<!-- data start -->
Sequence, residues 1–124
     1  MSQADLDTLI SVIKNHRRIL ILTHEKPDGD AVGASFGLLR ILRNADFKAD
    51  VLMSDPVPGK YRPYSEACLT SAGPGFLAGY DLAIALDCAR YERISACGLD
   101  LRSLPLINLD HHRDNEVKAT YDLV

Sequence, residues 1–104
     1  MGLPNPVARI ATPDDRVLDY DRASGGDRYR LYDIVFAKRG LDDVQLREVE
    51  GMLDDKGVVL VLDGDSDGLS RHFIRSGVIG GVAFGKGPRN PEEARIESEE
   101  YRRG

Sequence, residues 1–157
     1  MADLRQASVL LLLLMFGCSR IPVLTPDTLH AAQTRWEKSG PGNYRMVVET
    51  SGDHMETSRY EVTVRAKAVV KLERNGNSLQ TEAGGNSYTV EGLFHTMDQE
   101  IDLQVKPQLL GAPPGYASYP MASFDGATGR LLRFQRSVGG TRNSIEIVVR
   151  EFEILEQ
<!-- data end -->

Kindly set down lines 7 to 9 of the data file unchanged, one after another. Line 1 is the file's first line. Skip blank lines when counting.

    51  GMLDDKGVVL VLDGDSDGLS RHFIRSGVIG GVAFGKGPRN PEEARIESEE
   101  YRRG

Sequence, residues 1–157